This trend could mean the end of men’s and women’s clothing stores

“There were a lot of girls wearing boy things – the boyfriend jacket, the jean – there’s something about sweats that is inherently unisex,” Rigutto says.

Since the late noughties, fashion has also become more casual – you only have to look at the obsession with “athleisure” – another fact that plays into the hands of unisex brands.

On the runway, everyone from Gucci to Tom Ford has shown men’s and women’s clothing together. Other designers, such as J.W. Anderson, have presented collections that don’t easily fall into predetermined gender categories.

Last year, Swedish fast-fashion chain H&M dispensed with gender specific marketing of its denim lines, while Bonds has released a unisex range for tweens. Before you ask, it includes pinks and blues.

One of the common misconceptions around unisex clothing, says Rigutto, is that it’s inherently “greige”, or unflattering. When he was starting Level, he wanted to create pieces that could fit “everyone from a ballerina to a footballer”.

Gucci has been showing men's and women's clothing together for several seasons.

Gucci has been showing men’s and women’s clothing together for several seasons.

Photo: AP

“We wanted to tailor our sweats, they’re not big and boxy – they’re not shapeless bags you throw over,” he says.

Stylist Kate Gaskin says a strong shift to looser silhouettes could tempt more consumers to purchase clothes initially made for the opposite sex.

“Baggy and oversized is something the Australian consumer will embrace, we love a casual look, it suits out lifestyle,” says Gaskin, who regularly buys from the men’s section at retailers such as COS.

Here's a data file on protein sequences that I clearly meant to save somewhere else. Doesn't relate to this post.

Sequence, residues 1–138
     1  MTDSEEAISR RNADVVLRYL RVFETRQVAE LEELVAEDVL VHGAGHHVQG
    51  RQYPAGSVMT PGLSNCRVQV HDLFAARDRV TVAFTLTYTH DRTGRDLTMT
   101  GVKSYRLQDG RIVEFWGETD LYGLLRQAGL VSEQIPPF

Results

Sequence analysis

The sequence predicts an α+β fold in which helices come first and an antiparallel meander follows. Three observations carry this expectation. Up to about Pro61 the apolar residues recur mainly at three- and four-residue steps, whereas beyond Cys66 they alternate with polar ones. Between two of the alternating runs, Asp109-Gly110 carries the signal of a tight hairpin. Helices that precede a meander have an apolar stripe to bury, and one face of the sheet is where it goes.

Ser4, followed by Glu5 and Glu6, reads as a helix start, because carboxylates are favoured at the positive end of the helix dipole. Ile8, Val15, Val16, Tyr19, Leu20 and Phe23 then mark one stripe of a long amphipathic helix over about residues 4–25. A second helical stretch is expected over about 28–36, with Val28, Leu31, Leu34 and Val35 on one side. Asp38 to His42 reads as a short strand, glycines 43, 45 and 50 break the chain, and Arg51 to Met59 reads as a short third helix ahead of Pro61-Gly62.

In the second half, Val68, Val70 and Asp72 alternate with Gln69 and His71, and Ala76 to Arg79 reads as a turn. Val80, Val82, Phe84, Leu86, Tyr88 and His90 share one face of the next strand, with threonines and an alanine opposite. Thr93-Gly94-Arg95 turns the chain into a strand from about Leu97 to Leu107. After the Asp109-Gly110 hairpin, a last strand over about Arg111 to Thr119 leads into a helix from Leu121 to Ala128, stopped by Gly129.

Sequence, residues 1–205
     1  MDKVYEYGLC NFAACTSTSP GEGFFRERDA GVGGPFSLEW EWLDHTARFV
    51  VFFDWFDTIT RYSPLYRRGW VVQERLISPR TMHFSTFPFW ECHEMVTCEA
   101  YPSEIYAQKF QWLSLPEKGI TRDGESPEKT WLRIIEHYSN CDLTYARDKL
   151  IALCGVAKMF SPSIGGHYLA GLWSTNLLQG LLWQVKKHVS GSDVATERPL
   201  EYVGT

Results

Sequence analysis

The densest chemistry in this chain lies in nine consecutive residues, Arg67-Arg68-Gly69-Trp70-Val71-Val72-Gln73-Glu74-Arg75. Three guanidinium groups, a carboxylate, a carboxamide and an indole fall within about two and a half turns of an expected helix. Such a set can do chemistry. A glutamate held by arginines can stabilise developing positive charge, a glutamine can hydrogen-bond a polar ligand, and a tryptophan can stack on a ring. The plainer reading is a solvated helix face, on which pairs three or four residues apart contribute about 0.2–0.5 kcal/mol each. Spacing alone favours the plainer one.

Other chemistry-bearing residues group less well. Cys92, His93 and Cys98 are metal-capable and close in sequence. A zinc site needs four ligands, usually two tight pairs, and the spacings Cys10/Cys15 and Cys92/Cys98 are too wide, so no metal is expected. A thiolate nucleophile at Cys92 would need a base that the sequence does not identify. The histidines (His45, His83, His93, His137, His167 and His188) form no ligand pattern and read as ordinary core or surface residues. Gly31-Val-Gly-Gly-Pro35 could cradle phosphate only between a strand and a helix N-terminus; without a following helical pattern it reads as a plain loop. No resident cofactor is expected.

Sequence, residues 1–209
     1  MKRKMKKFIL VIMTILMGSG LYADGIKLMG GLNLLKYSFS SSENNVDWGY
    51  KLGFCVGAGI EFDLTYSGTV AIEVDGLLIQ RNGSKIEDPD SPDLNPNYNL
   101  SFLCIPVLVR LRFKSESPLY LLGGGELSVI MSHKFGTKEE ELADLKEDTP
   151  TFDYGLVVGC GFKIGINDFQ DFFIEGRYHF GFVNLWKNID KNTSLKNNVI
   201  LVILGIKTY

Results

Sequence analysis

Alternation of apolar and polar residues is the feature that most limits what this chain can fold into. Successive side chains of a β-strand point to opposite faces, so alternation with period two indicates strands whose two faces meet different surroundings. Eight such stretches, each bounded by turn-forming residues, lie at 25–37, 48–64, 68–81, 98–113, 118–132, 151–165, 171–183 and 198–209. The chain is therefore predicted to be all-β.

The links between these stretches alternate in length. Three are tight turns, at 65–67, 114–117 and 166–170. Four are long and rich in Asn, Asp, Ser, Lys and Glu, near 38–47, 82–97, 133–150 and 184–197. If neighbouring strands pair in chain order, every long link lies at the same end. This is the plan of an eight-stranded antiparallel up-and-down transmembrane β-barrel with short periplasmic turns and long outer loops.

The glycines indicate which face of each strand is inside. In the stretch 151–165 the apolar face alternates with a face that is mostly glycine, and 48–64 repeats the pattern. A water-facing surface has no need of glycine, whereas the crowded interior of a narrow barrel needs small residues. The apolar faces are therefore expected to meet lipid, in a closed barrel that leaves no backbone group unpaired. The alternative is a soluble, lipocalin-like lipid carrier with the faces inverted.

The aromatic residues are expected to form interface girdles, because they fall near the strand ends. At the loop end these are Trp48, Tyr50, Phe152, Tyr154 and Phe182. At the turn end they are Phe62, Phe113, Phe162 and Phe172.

“Women shopping in the men’s department has been a thing for a long time but I don’t know about the men [buying women’s clothes] mainly because of sizing but there’s definitely a market for it.”

Level co-founder Rob Rigutto says unisex labels are in demand due to shifting cultural ideas around gender.

Level co-founder Rob Rigutto says unisex labels are in demand due to shifting cultural ideas around gender.

Photo: Supplied

Courtney Holm, of A.BCH, has made a considered effort to remove gender from her brand identity. Her website has no dedicated men’s or women’s sections. And although she designs her pieces with a gender in mind, she doesn’t care who buys them.

“[Unisex] doesn’t have to mean a drop crotch. If a guy likes the dress, he can wear the dress. We try to let people just feel free to buy whatever they want,” she says.

Holm, 32, began her career in menswear and launched A.BCH to be something classic and not trend driven, which suits the unisex philosophy.

“We still make men’s and women’s pieces – they cross over – it’s interchangeable rather than trying to design for one body shape.”

Rigutto says it’s important that brands in the gender-agnostic space make good clothes that anyone can wear, then get out of the way.

“There’s a lot of inclusiveness in the product we do. It’s also a bit class-agnostic. We leave it to the customer to decide how they want to wear it. We don’t preach.”

Melissa Singer

Melissa Singer is Fairfax Media’s Deputy Lifestyle Editor and fashion columnist.

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